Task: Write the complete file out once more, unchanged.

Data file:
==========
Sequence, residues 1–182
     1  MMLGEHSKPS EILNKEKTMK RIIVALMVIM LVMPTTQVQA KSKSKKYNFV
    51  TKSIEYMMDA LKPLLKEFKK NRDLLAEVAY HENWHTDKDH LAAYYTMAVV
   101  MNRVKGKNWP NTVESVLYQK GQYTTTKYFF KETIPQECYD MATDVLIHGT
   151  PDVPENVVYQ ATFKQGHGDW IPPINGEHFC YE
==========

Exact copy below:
Sequence, residues 1–182
     1  MMLGEHSKPS EILNKEKTMK RIIVALMVIM LVMPTTQVQA KSKSKKYNFV
    51  TKSIEYMMDA LKPLLKEFKK NRDLLAEVAY HENWHTDKDH LAAYYTMAVV
   101  MNRVKGKNWP NTVESVLYQK GQYTTTKYFF KETIPQECYD MATDVLIHGT
   151  PDVPENVVYQ ATFKQGHGDW IPPINGEHFC YE